Like so many of us, for years I've been a fervid home chef and I've had an obsession with the Food Network. After recently taking some culinary skills classes, I was stoked, if a little nervous, at the opportunity to compete in the "Chopped Canada" media challenge (and to meet some of our country’s most admired foodie icons).
As an avid watcher of the U.S. version of this timed cooking show challenge, I thought I might be able to take what I’ve learned from other competitors (don’t forget an ingredient, don’t attempt multiple dishes, keep it simple) and have a good shot at impressing the judges, something I wanted very badly.
Instead, I was
"Chopped Canada" debuts Thursday, January 2 on Food Network Canada at 10 p.m. EST/PST. Like the U.S. version, each episode will feature four competitors whose dishes will be chopped throughout three rounds -- appetizer, main and dessert -- with one left standing for a $10,000 prize at the end. Some of the best chefs in Canada comprise the intimidating panel of judges. My culinary heroes Lynn Crawford, Chuck Hughes, Vikram Vij and Susur Lee were among those critiquing my dish. Even Canuck host Dean McDermott is a cooking aficionado with credentials under his apron, including winning "Rachel vs. Guy: Celebrity Cook-Off."
The (admittedly pared-down) challenge: create a gourmet appetizer in 30 minutes using the four ingredients in the mystery boxes sitting atop the stainless steel counters at the George Brown Culinary school in Toronto. With my heart beating, I opened the mystery box of crucial ingredients; beef tenderloin, Canadian cheddar cheese, grapefruit-- and the kicker … cake sprinkles?
And so the challenge began. My teammate, TV critic and self-proclaimed “useless chef” Scott Stinson of the National Post, was fine with letting me take the lead while he was content to play sous chef. After the briefest of strategy sessions, cut short by the impulse to join in the frenzied rush toward the pantries, baskets and fridges of ingredients, we settled on a mixed green and herb salad with a cake sprinkle/grapefruit vinaigrette, topped with seared beef tenderloin and a cheddar cheese tuile.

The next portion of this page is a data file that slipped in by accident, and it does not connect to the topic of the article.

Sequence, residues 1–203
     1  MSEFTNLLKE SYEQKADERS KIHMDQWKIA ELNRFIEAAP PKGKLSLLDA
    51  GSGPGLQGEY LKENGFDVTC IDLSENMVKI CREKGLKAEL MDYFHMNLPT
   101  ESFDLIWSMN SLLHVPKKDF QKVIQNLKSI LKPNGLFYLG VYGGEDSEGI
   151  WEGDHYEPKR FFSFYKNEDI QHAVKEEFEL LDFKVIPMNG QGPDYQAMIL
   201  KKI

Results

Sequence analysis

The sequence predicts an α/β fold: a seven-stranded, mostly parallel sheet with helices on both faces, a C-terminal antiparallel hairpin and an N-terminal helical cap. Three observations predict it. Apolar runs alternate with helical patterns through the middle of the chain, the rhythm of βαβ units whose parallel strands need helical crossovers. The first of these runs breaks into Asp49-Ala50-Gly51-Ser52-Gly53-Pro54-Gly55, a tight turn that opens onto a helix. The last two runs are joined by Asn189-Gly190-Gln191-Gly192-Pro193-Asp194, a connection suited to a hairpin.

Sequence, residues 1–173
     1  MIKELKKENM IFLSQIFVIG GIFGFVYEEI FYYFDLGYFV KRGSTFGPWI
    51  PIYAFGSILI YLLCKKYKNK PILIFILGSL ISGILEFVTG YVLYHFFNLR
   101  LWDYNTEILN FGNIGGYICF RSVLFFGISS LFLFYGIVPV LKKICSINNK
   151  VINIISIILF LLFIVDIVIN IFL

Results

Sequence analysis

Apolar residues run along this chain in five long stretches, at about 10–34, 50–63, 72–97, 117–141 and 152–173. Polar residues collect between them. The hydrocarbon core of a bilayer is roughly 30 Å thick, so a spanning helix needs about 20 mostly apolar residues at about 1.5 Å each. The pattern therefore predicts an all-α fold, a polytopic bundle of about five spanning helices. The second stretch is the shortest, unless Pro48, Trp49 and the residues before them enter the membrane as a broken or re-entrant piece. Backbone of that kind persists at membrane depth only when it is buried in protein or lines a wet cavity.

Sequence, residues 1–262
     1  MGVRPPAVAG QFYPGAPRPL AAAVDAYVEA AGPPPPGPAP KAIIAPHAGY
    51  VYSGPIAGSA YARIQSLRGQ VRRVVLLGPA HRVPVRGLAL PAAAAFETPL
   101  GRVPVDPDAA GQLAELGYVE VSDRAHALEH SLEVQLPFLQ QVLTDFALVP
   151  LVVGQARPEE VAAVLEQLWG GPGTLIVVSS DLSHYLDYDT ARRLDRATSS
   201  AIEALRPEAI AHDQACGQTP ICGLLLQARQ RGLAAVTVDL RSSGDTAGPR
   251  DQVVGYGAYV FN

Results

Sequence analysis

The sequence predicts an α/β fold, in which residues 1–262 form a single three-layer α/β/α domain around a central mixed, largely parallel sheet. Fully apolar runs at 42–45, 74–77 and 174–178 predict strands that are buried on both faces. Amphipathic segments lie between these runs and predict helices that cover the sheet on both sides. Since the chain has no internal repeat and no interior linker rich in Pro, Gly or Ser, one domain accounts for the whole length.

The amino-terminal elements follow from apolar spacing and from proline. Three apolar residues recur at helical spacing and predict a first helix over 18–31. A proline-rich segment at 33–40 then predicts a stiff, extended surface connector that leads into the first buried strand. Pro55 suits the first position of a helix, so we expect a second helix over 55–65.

Scott was in charge of the beef and cheese grating, and I claimed I’d figure out the rest.
The hardest part --aside from trying to perfectly time the beef, tuiles, finding a blender and putting out a minor bacon grease fire -- was disguising the candy sprinkles. The tartness of the grapefruit helped cut their sweetness, but I quickly realized the vinaigrette needed to become a Green Goddess dressing (luckily one of Chef Lynn Crawford’s faves) because the colour turned into an unappetizing brownish-green. A bunch of parsley and some basil did a good job of turning it into a more appealing and fresh green colour. Phew.
Finishing with time to spare, it was hard to know what to do in those final precious moments. Of course, as soon as the challenge ended, I knew all of the improvements I could have made: More salt! Bigger plates! More cooking time for the beef! Rearrange the plating!
Standing in front of those prestigious judges was one of the most nerve-wracking experiences of my life. Chef Crawford could see it on my face, especially when Chef Vij (resident Simon Cowell-type sour judge) said our dish might be considered good if we weren't in Toronto, but a less sophisticated part of the country (ouch to all involved!). Chef Crawford was generally positive. Chef Hughes, my celebrity crush, was gracious but said we could have amped up the flavour. Chef Lee said he liked the fusion elements of our dish, and other reviews were mixed.
I followed all those rules I thought I knew from being a "Chopped" fan. But alas, in the end the chefs favoured another team's creation, a one bite wonton beauty that violated one of those cardinal rules because it had grated cheese and candy sprinkles thrown atop, not incorporated throughout.